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How To Reduce Hospital Readmissions | Fedelta Home Care, Seattle WA
June 26, 2013
How To Reduce Hospital Readmissions
I have a few hard-earned rules in life: Never go backwards or repeat the same mistake twice. It’s a way to avoid both physical and emotional pain. Plus, making progress is emotionally invigorating. Then why, for instance, just as you believe your elderly parents are getting better after a hospital stay do they end up right back where they started? Each person’s circumstances may be varied yet studies show consistently that lack of structured, professional home health care is the primary reason for readmission and even repeated readmissions to the hospital. Speaking of professional, Fedelta care managers are registered nurses.
A couple of details on hospital readmissions may surprise you:
- They may be detrimental to a patient’s mental and physical health
- They are expensive for the patient
- A sizable fine to the hospital may result
- They can be avoided
A walk down a familiar path avoiding the ever-present pot hole avoids injury and keeps you whistling happily on your way. In the case of hospital readmissions the gaping hole is a financial one: Nearly 1 in 5 Medicare patients are readmitted to the hospital within 30 days of being discharged to the tune of $15 billion, according to the Medicare Payment Advisory Committee. Since a 2012 change in reimbursement schedule, hospitals with high readmission rates are penalized. Ultimately this will encourage preventative measures to assure good transitional care.
Several ways to avoid unnecessary readmissions are: To provide adequate physical care; support and supervision upon discharge to assure doctor’s orders are followed precisely. Ask a lot of questions to your doctor, your home health care provider, your family. We asked a few questions of our own to Lisa, an admissions administrator at a local Puget Sound hospital.
Q What are the most frequent reasons you see readmissions of elderly patients?
A We see a lot of elderly folks re-admitted for falls and for infection after surgery or a procedure. A lot of people don’t have enough help when they go home.
We continued our discussion with a local nurse, Michelle.
Q What do you think can help curb the high rate of hospital readmissions for infection after surgery or visits for injury due to a fall?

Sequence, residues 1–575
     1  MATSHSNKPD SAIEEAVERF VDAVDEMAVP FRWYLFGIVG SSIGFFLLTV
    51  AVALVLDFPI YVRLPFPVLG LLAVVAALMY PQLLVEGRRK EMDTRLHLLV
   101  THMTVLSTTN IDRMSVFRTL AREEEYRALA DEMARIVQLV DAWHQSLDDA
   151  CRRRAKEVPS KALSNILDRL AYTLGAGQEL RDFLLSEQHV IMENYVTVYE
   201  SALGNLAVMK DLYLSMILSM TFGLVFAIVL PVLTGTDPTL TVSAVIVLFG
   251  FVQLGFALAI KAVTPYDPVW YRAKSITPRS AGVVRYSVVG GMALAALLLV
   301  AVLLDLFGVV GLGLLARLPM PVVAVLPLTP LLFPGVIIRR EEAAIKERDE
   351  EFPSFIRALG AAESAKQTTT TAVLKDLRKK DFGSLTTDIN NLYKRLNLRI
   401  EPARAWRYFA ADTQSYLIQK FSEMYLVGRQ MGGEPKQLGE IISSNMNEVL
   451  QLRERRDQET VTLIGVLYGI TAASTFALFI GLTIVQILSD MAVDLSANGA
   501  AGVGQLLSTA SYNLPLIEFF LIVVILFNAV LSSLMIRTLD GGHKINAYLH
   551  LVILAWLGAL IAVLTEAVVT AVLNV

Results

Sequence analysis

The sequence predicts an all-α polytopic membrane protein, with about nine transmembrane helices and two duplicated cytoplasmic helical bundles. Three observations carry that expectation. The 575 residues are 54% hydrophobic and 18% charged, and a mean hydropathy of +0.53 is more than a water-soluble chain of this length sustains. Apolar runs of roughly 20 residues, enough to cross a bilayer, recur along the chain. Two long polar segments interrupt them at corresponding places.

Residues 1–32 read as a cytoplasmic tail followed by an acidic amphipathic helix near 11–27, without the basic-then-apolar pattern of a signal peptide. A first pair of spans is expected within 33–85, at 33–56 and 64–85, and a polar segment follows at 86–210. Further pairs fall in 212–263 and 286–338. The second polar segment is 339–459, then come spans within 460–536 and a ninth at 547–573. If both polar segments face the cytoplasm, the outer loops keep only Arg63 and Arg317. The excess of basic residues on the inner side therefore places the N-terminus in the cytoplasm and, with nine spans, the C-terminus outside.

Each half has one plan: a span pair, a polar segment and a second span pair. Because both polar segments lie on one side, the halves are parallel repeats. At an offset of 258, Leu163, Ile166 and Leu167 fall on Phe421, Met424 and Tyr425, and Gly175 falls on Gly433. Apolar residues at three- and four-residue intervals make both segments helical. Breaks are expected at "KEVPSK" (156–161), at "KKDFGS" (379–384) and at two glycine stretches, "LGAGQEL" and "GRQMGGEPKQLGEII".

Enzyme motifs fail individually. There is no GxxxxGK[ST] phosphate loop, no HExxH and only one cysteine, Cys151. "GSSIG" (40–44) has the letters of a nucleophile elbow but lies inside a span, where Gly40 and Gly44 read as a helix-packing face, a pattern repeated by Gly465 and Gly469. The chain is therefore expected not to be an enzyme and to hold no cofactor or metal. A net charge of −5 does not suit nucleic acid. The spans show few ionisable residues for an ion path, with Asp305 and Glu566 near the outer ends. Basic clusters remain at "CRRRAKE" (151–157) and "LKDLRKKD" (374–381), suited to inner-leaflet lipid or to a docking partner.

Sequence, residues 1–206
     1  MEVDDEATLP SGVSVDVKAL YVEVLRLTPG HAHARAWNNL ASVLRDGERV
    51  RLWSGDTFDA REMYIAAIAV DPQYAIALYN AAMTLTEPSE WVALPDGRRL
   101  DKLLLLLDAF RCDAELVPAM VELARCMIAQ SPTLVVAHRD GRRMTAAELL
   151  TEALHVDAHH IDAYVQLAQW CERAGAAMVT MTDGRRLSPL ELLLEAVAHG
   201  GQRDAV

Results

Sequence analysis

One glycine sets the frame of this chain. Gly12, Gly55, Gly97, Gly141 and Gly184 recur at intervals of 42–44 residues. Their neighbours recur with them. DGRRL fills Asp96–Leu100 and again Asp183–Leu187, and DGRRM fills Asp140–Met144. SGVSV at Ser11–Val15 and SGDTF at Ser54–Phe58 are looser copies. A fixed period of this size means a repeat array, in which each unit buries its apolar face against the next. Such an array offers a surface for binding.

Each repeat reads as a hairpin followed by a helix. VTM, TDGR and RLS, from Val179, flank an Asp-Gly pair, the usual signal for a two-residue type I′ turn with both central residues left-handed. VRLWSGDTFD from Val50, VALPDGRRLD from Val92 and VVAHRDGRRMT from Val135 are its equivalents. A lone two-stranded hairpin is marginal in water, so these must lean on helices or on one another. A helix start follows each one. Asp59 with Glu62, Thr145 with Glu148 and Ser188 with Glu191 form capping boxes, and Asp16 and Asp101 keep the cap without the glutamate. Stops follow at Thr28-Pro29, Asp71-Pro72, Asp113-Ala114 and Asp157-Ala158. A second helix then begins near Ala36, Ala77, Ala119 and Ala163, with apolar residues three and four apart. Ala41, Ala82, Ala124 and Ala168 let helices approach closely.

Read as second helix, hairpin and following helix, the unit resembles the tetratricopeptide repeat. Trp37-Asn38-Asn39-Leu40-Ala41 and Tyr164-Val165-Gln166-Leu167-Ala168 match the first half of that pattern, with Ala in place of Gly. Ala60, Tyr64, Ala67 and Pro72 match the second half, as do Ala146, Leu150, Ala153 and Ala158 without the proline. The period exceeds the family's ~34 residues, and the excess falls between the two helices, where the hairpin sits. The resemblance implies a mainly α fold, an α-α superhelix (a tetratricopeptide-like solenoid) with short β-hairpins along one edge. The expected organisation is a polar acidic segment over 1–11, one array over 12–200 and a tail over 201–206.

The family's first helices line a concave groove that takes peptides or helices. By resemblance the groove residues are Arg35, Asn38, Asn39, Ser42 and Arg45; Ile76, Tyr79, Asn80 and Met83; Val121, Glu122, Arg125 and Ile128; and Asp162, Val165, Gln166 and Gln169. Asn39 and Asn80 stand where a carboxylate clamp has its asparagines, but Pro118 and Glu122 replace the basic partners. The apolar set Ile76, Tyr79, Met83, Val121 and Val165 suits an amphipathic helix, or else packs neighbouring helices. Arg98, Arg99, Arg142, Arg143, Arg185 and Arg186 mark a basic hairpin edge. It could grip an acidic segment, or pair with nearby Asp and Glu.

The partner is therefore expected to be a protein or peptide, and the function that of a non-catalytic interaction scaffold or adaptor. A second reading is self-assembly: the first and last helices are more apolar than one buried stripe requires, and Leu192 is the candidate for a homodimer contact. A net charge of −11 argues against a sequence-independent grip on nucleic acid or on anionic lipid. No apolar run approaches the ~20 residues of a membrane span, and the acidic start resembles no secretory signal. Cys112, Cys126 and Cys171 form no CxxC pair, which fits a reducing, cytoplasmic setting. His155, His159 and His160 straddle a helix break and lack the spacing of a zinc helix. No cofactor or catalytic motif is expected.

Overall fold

A Most people need extra help at home to be sure someone knows how to dress wounds and change bandages correctly when discharged from the hospital to avoid infection. Having the right equipment like a walker, wheel chair or cane are essential, yet simple things like assuring your loved one has no clutter in his or her path and wears non-slip shoes or slippers in the home environment are key to avoiding falls.
Q Many doctors lament that their instructions are not always followed correctly and that increases the risk of readmission. What can be done to assure that medicines are taken properly and instructions followed?
A Having someone accompany an elderly patient is crucial to discharge instructions being followed. Often the patient’s hearing is impaired or reading ability has declined so they need someone to navigate instructions with them. Learn about your options of skilled nursing, home health care and care management. It’s okay to ask for help and get help. We see family caregivers that are tired, and jeopardizing their own health.
Fedelta has experienced care managers and offers home care solutions that are like your easy button. Have a question about nursing or home health care? Just call Fedelta for the answers. Contact us for a free evaluation today. See what a difference in the quality of your family’s life getting the right help can mean. Get the help you and your loved ones need and deserve.
by Christine Meinhart